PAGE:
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Talent management and sustainable business success

Many companies are now pursuing ‘sustainability’ as part of their business strategy. This prompts me to ask: Why aren’t companies’ management development programmes under greater scrutiny, when nurturing talent is one of the determining factors in an organisation’s sustainable success?

The more I learn about businesses’ managerial development programmes, the more I see that there needs to be less of a focus on improving managers’ performance in their current roles, and more on professional development in relation to, and preparation for, advancements to future roles. A mistaken focus on ‘horizontal’ rather than ‘vertical’ development means that, too often, promotions are handed out to the most salient current performers, and not to those who show potential for future, more complex job roles.

This is neither in the interest of sustainability nor conducive to business success. Why?

1) Those who get the promotions are often ill-equipped for their roles as they have been given insufficient support.

2) Those that have real potential for future roles are too often overlooked because of inadequate assessment processes and criteria.

3) Managers have a vested interest in keeping strong subordinate performers in situ and slowing their development for fear of losing effective people from their teams .

The solution: In the interest of sustainability…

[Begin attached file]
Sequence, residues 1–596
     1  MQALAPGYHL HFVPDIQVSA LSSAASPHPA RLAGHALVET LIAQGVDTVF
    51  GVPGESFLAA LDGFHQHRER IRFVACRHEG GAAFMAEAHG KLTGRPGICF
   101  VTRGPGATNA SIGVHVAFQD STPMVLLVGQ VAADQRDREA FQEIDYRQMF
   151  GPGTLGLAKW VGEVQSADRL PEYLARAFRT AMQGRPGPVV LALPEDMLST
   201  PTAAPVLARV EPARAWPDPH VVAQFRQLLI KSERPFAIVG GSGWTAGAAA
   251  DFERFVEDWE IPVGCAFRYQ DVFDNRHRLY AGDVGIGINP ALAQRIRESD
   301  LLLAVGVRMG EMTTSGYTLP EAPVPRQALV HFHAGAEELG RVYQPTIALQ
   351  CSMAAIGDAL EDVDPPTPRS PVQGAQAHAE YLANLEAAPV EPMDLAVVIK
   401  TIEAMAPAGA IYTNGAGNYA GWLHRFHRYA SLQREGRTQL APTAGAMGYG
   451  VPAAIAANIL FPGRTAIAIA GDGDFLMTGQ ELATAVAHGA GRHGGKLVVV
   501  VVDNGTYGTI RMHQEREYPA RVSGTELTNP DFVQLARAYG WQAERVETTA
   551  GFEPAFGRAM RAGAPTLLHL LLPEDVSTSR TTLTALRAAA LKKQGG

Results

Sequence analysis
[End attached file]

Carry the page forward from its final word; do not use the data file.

For management development efforts to contribute effectively to organisational stability, the business needs to be strong in the following areas:

1) Linking talent management initiatives to the design of business strategy.

2) Assessment of potential in management / leadership in a consistent way across the organisation.

3) Supporting ‘vertical’, as opposed to ‘horizontal’, development.

Achieving competitive advantage in such areas is not easy. Unfortunately, despite all the effort and money that organisations have devoted towards leadership development, competency modelling and 360 surveys in the last 20 years, the results in terms of employee engagement, organisational performance and sustainability are not obvious. If organisations are to achieve their sustainability and business goals, they need to reflect on what works and what doesn’t work in managerial development programmes, and how potential talent can be assessed accurately and consistently.

So, tell me how strong the talent management systems are in your business and I will tell you how sustainable your organisation is likely to be.